July 28, 2010
Non-traditional student earns degree, builds on college experience
MARYVILLE, Mo. - When Clifton Wilson returned to school as a non-traditional student at Northwest Missouri State in 2005, the Mound City native didn't just take classes, he embraced the undergraduate experience at the University.
Wilson is one of 274 students who will graduate during Northwest's summer commencement ceremony Thursday night. Northwest will award 138 bachelor's degrees and 119 master's degrees and 17 education specialist certificates.
Wilson, 54, will graduate, having completed a double major in finance and business management with a minor in economic development.
"To be honest, it's the hardest thing I've ever taken on," he said. "It was difficult getting back into good study habits, which is key for college."
Wilson graduated from Mound City R-II High School in 1973. He took some college classes, before deciding to work at a family business. Eventually, he became a warehouse manager and worked his way into sales management.
But Wilson was a victim of corporate downsizing in 2002. For the next two years he worked temporary jobs and sent close to 1,000 resumes.
After landing just four interviews, and finding that most of the jobs for which he was applying required a college degree, Wilson knew he had to return to school.
"I saw the opportunity to do it and it had always been a goal of mine," he said.
In 2005, he enrolled at Northwest and started with a couple classes in each of his first two trimesters. After getting accustomed to a college course schedule, he enrolled full-time and could be found studying regularly in the Owens Library.
He joined the Financial Management Association (FMA), serving as president for three years. He joined Students in Free Enterprise (SIFE), serving as historian for one year, president for two years. He served on the University's recycling committee and worked in the Office of University Relations. He regularly attended athletic events and cheered on the Bearcats.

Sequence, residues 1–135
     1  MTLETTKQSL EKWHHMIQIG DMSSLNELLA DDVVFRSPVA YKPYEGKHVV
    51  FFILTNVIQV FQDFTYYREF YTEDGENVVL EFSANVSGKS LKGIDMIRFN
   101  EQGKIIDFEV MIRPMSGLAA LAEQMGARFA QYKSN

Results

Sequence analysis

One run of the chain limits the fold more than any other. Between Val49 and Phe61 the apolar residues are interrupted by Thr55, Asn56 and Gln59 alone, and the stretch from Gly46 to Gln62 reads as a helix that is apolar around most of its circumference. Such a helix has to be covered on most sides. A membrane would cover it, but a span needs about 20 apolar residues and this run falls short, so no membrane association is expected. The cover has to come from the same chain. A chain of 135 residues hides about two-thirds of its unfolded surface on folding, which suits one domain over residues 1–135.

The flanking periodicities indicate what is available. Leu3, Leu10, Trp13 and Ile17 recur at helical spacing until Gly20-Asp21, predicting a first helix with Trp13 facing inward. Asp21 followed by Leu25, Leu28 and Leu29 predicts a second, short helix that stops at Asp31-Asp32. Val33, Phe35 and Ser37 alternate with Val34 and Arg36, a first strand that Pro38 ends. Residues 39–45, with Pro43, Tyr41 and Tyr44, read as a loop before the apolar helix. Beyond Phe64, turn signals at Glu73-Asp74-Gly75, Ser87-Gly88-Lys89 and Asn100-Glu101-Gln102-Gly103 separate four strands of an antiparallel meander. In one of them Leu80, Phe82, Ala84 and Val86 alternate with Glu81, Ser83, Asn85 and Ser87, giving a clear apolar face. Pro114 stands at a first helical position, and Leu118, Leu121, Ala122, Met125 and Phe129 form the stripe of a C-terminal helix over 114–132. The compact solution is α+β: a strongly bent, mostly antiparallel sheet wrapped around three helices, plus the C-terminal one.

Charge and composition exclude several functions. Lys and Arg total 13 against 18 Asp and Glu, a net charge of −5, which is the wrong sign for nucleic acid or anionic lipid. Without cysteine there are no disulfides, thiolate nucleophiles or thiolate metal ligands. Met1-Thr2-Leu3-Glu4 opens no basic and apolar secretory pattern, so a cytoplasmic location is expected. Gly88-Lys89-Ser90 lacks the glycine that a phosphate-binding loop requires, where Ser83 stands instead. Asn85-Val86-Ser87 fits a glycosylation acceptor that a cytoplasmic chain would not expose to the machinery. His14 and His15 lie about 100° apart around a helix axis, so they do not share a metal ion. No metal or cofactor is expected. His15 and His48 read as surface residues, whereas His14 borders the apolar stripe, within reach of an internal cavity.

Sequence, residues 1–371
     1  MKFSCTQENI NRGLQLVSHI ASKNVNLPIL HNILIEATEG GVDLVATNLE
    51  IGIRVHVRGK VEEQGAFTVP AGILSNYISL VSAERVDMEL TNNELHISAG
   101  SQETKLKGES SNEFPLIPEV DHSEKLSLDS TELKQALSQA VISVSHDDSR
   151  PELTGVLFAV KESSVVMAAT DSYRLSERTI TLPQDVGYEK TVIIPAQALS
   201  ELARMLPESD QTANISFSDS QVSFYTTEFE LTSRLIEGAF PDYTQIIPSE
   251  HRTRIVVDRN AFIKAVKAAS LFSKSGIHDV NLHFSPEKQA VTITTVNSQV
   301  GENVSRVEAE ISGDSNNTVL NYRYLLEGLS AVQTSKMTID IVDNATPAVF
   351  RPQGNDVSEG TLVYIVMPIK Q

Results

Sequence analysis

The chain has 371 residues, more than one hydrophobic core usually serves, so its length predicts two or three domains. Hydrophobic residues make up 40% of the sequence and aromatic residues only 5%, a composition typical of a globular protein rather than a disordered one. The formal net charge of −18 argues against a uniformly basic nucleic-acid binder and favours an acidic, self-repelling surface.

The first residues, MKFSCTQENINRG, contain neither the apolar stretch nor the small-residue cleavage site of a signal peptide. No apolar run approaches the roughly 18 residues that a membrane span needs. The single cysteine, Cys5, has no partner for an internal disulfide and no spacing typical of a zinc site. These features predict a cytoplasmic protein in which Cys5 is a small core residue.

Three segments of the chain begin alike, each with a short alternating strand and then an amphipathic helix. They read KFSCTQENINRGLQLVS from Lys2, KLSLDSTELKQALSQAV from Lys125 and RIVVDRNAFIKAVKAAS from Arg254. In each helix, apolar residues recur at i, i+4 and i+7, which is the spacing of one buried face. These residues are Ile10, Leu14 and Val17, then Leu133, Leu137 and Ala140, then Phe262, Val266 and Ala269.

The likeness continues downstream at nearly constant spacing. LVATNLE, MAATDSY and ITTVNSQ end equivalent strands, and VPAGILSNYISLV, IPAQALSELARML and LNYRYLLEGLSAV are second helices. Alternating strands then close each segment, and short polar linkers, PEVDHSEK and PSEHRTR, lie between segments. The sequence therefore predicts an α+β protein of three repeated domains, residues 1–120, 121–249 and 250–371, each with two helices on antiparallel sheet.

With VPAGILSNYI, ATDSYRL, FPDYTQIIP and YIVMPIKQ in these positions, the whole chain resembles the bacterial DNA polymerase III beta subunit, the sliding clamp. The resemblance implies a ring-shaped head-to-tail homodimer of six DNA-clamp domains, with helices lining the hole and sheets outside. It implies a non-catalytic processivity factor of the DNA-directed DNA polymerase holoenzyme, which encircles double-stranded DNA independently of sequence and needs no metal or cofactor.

This past year, as a student advisor for SIFE, Wilson helped the team win its regional championship and qualify for national competition in Minneapolis. Dr. Jason White, associate professor of economics and SIFE Sam Walton Fellow, called Wilson a backbone of the SIFE team.
"Cliff is a great example of someone who has many priorities yet he finds a way to get it all done," White said. "His story, like so many before, can only happen because of the people who work here, raise families here, and allow students to have a home away from home."
Wilson also worked with a group in Mound City to raise money for a new all-weather track. He and his son Samuel have helped build two houses in Maryville for Habitat for Humanity.
"A lot of what I have learned I was already doing in a way, but I didn't realize I was doing it," Wilson said, noting his experience researching new products and budgeting. "But if I was going to go back into sales management, I would be much more prepared to handle other obstacles that I was not prepared to handle before my education."
In some courses, instructors used Wilson's experiences to help other students understand real world concepts. Additionally, Wilson has inspired his son, who is entering high school, to continue his education.
"Because of me coming to college, he's realized the importance of education beyond high school to open up many doors in the career world," Wilson said.
Wilson said one of the keys to his success was getting involved at Northwest and instructs incoming students to do the same.
"Consider involvement in some type of organization, whether it be a fraternity or sorority, SIFE, American Marketing Association," Wilson said. "That helps you build as a student."
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